Rationing Made Tasty!

The Rise of the Humble Vegetable.

The constraints of war-time rationing are difficult to comprehend in this day and age where food of all types are freely available, in some of the major stores for twenty-four hours a day!

It was a time of unaccustomed austerity and the biggest challenge to the cook, both domestic and commercial, was how to claw from plain and simple ingredients new and interesting flavours! An acceptable dish to feed the family that not only tasted good but also provided all the necessary nutrients, fats and vitamins.

With meat being so severely restricted, fish and vegetables came to a prominence rarely known in living memory.

In the years prior to the war, food imports had reached a level of almost 60% of consumption.

Suddenly it was back to the basics with a resounding thud!

The production of vegetables became of far greater importance as the availability of meat crashed!

Beans and pulses also came to the fore, as did the natural harvest of the hedgerows and fields.

So how on earth do you go about making all these disparate and eclectic items  interesting?

This the Ministry of Food set about answering with the use of those who knew.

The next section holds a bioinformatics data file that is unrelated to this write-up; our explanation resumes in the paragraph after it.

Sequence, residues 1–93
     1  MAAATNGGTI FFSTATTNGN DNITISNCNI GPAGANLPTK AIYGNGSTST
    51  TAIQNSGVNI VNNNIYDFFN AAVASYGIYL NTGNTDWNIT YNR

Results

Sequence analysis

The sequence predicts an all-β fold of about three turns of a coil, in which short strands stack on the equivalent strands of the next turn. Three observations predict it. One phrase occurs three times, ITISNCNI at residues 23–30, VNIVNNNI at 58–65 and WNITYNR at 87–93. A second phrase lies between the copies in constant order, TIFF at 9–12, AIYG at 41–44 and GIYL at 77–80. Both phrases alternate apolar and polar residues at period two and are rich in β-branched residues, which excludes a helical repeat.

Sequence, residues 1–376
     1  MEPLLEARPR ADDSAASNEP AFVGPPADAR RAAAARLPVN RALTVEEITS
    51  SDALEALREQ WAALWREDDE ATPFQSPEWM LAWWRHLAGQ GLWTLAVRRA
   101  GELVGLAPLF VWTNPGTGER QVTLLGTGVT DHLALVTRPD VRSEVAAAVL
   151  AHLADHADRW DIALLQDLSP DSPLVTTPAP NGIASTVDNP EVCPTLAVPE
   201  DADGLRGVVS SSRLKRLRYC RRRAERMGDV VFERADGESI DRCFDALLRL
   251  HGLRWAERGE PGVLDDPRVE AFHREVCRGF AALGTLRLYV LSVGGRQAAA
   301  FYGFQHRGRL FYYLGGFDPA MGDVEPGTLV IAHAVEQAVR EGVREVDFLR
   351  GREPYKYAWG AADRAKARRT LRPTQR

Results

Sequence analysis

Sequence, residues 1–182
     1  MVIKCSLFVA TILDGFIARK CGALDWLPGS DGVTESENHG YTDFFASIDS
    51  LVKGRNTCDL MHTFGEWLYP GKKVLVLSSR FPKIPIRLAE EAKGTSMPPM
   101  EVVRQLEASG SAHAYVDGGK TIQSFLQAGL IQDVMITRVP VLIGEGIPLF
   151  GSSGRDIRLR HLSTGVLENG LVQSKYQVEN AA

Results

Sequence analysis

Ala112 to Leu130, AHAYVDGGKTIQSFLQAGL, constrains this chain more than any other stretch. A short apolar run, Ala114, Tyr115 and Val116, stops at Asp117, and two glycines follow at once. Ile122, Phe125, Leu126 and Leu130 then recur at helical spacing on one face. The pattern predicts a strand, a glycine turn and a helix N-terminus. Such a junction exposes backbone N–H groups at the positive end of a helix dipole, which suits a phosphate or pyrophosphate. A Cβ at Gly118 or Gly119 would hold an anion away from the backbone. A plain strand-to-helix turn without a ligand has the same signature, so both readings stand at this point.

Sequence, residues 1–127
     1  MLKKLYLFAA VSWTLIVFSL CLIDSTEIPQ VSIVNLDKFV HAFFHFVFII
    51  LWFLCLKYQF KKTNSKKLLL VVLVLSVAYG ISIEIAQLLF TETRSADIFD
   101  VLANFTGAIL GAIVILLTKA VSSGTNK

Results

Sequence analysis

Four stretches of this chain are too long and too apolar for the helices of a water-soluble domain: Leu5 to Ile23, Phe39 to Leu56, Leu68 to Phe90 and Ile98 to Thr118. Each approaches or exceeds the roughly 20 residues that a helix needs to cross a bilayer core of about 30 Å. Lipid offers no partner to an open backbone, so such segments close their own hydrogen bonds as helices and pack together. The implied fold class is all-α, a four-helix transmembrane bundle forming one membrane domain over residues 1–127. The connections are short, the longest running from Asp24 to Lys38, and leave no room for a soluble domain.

Country ways and history were re-visited and written, as with this informational booklet, or broadcast to the nation over the ‘wireless’, in a format that would promote health and provide the best available product possible.

It is interesting to note the number of times the word ‘savoury’ appears in the titles of these recipes! Savoury = tasty = exciting! I can’t say I’m totally convinced . . .

But also, and more interestingly, in the interests of promoting the interests of newly formed alliances new recipes from such previously unconsidered countries as Poland, Russia and the Slovakian countries were introduced. This also served as an interesting form of propaganda to help integrate the displaced members of those countries forced to relocate here, because of the conditions in their homelands.

A lot of the old vegetable pickles and preserves were revived to provide a touch of the ‘sharp and spicy’ to enliven more neutral dishes.

Not such a bad thing either.

This entry was posted in The Kitchen Garden, Wartime and tagged , , , , , . Bookmark the permalink.

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